Texas is expected to get about $35 billion of that funding, while existing federal aid programs will receive an influx of $265.4 billion over five years, according to Chandra Bhat at The University of Texas.
Craig Raborn, transportation director of metropolitan planning organization Houston-Galveston Area Council, said Houston-area entities will have 11 new grant programs to apply for. Raborn said the bill’s broad scope will increase funding to programs, such as the Surface Transportation Block Grant, which is seeing a 24% increase in funding.
“It’s a big bill; there’s a lot in it,” Raborn said. “And so it’s going to take a lot of time for agencies like ours to find and match the pieces to the needs they have.”
Raborn also highlighted new programs that could target resiliency and flood control as areas of interest, such as the PROTECT Program, which provides up to $8.7 billion to help reinforce surface transportation routes and evacuation routes.
However, Raborn cautioned that other federal funding and regulatory hurdles needed to be cleared before H-GAC or other planning organizations can begin discussing funding allocation.
“It’s going to take a fair amount of time for [all of the funding announcements] to work their way through their processes before we start seeing that,” he said.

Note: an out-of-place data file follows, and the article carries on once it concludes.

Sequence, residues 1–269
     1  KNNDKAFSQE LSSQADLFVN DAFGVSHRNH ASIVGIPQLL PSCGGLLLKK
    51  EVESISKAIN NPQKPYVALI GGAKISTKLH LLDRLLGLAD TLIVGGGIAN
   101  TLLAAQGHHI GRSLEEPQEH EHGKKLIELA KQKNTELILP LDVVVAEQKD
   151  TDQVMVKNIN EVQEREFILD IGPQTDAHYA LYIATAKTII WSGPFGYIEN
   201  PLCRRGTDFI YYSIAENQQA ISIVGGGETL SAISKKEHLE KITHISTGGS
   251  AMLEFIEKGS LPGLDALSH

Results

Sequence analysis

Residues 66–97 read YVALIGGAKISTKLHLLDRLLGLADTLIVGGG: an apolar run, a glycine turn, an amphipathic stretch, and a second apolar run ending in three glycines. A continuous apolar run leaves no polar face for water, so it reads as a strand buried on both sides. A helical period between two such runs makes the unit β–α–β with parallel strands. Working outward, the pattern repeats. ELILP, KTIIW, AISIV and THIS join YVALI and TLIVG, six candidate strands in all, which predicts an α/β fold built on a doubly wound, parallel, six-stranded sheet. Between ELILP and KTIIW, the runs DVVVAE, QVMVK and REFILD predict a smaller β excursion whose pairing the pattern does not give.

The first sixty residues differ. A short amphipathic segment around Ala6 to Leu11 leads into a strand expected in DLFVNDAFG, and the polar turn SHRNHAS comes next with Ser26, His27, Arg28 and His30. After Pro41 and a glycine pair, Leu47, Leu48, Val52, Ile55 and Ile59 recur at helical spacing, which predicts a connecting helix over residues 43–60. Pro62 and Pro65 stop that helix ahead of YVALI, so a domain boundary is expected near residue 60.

Once the new appropriations bill makes its way through Congress in 2022, Raborn said H-GAC plans to get public input into future transportation planning in the spring.
H-GAC is updating the region’s four-year, 10-year and 25-year transportation plans, which will receive input from the public and local governments before informing the state of the prioritized projects to receive funds. Raborn said updates could be complete by the first and second quarters of 2023.
He said it is too early to tell how much of the funding the Greater Houston area will receive and which projects will be allotted funds.
Susan Lent, an adviser to the city of Houston, said the city might be a candidate for a $1.4 billion grant for weather preparation projects, a $250 million congestion relief program and a $3 billion railroad grade crossing elimination program.
Construction could begin soon on a high-speed rail from Houston to Dallas by privately owned Texas Central. Lent said a $36 billion program for high-speed rail lines is for governmental entities, but private entities can be subrecipients.
Shawn Arrajj contributed to this report.